Today the Harry Potter books are again being burned, but this time it's by left-wingers outraged by J.K. Rowling's views on trans issues. The enemies of free speech are now on the left. (For an overview, see "The Left is Now the Right". For quantitative evidence, see this survey of American college students: "More than 60% of extreme liberals said it’s "always" or "sometimes" acceptable to shout down a speaker; compared to 15% for extreme conservatives.... Students identifying as extremely liberal said violence to stop a speech or event from occurring on campus was "always" or "sometimes" acceptable at a rate double than students identifying as extremely conservative: 13% to 6%." It's unfortunate that American political vocabulary uses "liberal" as a synonym for left-wing, since true liberalism is characterised by support for free speech.)
Some left-wingers enthusiastically engage in silencing and no-platforming and cancelling, a phenomenon that has been called "cancel culture". This is often done in the guise of criticism, but there is a significant difference (explained here) between legitimate criticism and attempted cancellation. There are sections of the left that don't tolerate dissent, or debate, or even questions. The implicit assumption is that the final moral truth has already been revealed to Woke Twitter, so further discussion is not necessary and hence is not permitted; the only remaining task is to silence unbelievers for being heretical.
The left-wing enthusiasm for cancel culture is based on the premise that if anyone is being "hateful", they should suffer the consequences. Allegedly, only the hatemongers have anything to fear from this. The notion that "if you've said nothing wrong, then you have nothing to fear" is eerily similar to the old right-wing law-and-order version that "if you've done nothing wrong, then you have nothing to fear". Left-wingers used to recognise that the chilling effects of this approach extended far beyond actual wrongdoers, and were intended to be intimidatory. Yet now they have taken that approach themselves. The only difference between the new left-wing position and the old right-wing position is that the leftists are even more punitive: the right-wing version targeted actions, whereas the left-wing version targets speech. But the left argues that there is no difference between speech and action, because "words are violence", or even "silence is violence".
I have always been in favour of freedom of speech. It's just that the enemies of freedom have changed; the biggest threat used to come from the right, and now it comes from the left. It's a curious experience to feel that I have been standing in the same place while the world has flipped around me.
While there may be several reasons for this change, I believe that one reason is simply the shift in recent decades over whose values dominate the culture. Free speech is the weapon of the underdog. By definition, the dominant group sets the agenda and sets the boundaries of what is permitted. Free speech (the kind of speech that needs to be called free, and needs to be defended) is a reaction against the dominant agenda. In the past, when culture was more conservative and repressive (particularly in the artistic sphere), free speech came from the left in the form of resistance to censorship and demands for artistic freedom. The enemies of free speech were the right-wingers who opposed this and championed traditional mores. The original Dangerous Visions anthology, published in 1967, reflects this form of free speech as a defiance of conservative values (for instance, in some of the stories' sexual themes).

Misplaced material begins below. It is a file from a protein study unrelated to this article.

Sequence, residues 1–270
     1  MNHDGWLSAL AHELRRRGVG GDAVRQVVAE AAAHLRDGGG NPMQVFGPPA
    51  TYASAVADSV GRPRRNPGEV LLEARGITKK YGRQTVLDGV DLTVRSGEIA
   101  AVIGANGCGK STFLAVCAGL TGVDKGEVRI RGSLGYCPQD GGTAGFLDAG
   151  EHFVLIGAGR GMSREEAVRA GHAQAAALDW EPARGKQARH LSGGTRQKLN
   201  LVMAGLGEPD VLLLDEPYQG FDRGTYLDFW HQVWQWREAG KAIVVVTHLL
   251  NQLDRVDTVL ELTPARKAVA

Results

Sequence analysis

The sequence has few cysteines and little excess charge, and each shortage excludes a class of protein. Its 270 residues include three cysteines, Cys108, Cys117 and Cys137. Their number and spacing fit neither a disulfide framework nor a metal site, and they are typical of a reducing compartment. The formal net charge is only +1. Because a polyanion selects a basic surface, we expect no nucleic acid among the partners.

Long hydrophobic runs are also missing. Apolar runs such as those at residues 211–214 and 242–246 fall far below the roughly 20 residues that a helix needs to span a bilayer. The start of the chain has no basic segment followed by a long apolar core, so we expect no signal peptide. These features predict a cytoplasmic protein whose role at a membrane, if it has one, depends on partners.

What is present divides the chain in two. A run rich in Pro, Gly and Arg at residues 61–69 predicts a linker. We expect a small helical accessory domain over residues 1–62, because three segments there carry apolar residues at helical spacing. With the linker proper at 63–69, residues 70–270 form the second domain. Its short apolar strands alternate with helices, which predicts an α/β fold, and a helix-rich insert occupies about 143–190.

In the past sixty years, there has been a significant shift leftward in many cultural areas. This is a generalisation, and is difficult to comprehensively prove within the confines of a short piece, but a few facts are highly suggestive. Homosexuality used to be a criminal offence, and now there is same-sex marriage. Within academia, left-wingers were formerly persecuted and are now dominant. There is an enormous emphasis on diversity. And here in England throughout 2020, Premier League footballers have been "taking a knee" at the start of every game, literally genuflecting to the sacred cause of anti-racism; in early December the players wore rainbow laces, proclaiming that everyone can enjoy football "regardless of their sexuality or gender identity", as the BBC commentator solemnly informed the nation on Match of the Day.
Within the arts, the leftward drift represented a reduction in censorship (for example, theatre censorship was abolished in 1968) and a general relaxation of constraints. But this more permissive stance eventually calcified into new orthodoxies over what is and isn't permitted.
Now that the left dominates culture and sets the boundaries, free speech is the rallying cry of the right. The enemies of free speech are the left-wingers who oppose this by saying that "hateful" speech must be banned, cultural appropriation is wrong, and so forth. This explains why the Again, Hazardous Imaginings anthology has the right-wing taglines "politically incorrect science fiction" and "science fiction is NOT a safe space". The commonality with Dangerous Visions is not any specific position, but an oppositional stance that reacts against the prevailing paradigm.
These few paragraphs are, inevitably, a simplistic overview of a complex phenomenon. I have omitted some complications, such as the political philosophy that believes in free speech as a foundational value, regardless of which direction it comes from. But outside that beleaguered tradition, support for free speech is much more contingent on what is being said and who is saying it.
When there is no belief in free speech as a principle, but instead a desire to make the discourse "safe" and abolish "hate", the boundaries of acceptability become flexible and are largely determined by whoever shouts the loudest. The danger of this approach is that it becomes dominated by the most fanatical, with more and more territory declared forbidden.
There have been several recent demonstrations of this. A science fiction short story by a trans author was vigorously denounced by some trans readers, and was subsequently withdrawn for the author's "personal safety". YA publishing has experienced multiple controversies and cancellations; one author, having orchestrated the cancellation of someone else's book, subsequently had their own book cancelled.
As the latter example shows, you should be careful what you wish for. There's a reason that they say, "The revolution eats its own children."